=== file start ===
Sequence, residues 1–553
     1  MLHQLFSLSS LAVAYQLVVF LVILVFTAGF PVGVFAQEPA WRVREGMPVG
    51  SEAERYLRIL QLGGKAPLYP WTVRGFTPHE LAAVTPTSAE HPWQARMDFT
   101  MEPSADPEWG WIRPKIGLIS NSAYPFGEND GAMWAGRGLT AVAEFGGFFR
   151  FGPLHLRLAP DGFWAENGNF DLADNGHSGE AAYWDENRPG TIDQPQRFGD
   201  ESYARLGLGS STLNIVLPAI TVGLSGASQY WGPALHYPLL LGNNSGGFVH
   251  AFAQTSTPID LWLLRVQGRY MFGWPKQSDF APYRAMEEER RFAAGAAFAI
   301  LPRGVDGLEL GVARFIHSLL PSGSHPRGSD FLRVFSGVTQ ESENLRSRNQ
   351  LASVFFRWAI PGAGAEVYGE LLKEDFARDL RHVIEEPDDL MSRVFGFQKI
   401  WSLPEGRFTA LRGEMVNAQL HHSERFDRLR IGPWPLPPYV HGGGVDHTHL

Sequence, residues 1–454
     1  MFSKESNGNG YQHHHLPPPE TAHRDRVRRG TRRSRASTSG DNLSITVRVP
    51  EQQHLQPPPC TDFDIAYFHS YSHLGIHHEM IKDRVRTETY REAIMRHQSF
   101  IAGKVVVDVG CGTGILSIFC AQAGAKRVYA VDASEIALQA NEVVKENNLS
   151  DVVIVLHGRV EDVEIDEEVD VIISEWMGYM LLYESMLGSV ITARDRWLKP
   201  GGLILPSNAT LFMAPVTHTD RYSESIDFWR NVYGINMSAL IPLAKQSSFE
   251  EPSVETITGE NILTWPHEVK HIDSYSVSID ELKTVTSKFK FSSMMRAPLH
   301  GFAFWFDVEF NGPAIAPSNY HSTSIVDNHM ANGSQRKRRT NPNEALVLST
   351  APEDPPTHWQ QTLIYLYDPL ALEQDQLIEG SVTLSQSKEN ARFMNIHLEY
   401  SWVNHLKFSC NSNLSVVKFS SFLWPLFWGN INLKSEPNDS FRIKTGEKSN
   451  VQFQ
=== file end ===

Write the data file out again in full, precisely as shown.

Sequence, residues 1–553
     1  MLHQLFSLSS LAVAYQLVVF LVILVFTAGF PVGVFAQEPA WRVREGMPVG
    51  SEAERYLRIL QLGGKAPLYP WTVRGFTPHE LAAVTPTSAE HPWQARMDFT
   101  MEPSADPEWG WIRPKIGLIS NSAYPFGEND GAMWAGRGLT AVAEFGGFFR
   151  FGPLHLRLAP DGFWAENGNF DLADNGHSGE AAYWDENRPG TIDQPQRFGD
   201  ESYARLGLGS STLNIVLPAI TVGLSGASQY WGPALHYPLL LGNNSGGFVH
   251  AFAQTSTPID LWLLRVQGRY MFGWPKQSDF APYRAMEEER RFAAGAAFAI
   301  LPRGVDGLEL GVARFIHSLL PSGSHPRGSD FLRVFSGVTQ ESENLRSRNQ
   351  LASVFFRWAI PGAGAEVYGE LLKEDFARDL RHVIEEPDDL MSRVFGFQKI
   401  WSLPEGRFTA LRGEMVNAQL HHSERFDRLR IGPWPLPPYV HGGGVDHTHL

Sequence, residues 1–454
     1  MFSKESNGNG YQHHHLPPPE TAHRDRVRRG TRRSRASTSG DNLSITVRVP
    51  EQQHLQPPPC TDFDIAYFHS YSHLGIHHEM IKDRVRTETY REAIMRHQSF
   101  IAGKVVVDVG CGTGILSIFC AQAGAKRVYA VDASEIALQA NEVVKENNLS
   151  DVVIVLHGRV EDVEIDEEVD VIISEWMGYM LLYESMLGSV ITARDRWLKP
   201  GGLILPSNAT LFMAPVTHTD RYSESIDFWR NVYGINMSAL IPLAKQSSFE
   251  EPSVETITGE NILTWPHEVK HIDSYSVSID ELKTVTSKFK FSSMMRAPLH
   301  GFAFWFDVEF NGPAIAPSNY HSTSIVDNHM ANGSQRKRRT NPNEALVLST
   351  APEDPPTHWQ QTLIYLYDPL ALEQDQLIEG SVTLSQSKEN ARFMNIHLEY
   401  SWVNHLKFSC NSNLSVVKFS SFLWPLFWGN INLKSEPNDS FRIKTGEKSN
   451  VQFQ